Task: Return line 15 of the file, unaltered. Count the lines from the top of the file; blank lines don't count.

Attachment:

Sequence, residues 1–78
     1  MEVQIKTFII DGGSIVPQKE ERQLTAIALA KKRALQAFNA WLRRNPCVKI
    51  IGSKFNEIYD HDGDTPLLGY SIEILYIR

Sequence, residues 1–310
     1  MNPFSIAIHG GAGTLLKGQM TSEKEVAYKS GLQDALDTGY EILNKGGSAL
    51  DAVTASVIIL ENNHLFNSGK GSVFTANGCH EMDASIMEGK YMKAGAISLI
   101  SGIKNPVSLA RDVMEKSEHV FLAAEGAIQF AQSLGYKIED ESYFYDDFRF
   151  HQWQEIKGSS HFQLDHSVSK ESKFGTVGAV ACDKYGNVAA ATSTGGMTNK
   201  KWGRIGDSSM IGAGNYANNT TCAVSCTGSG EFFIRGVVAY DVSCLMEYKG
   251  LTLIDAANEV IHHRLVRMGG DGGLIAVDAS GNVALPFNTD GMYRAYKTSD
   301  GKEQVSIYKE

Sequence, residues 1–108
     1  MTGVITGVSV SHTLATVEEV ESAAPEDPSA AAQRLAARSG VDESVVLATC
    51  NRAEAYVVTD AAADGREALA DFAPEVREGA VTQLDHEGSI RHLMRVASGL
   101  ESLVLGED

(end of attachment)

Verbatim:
   101  ESLVLGED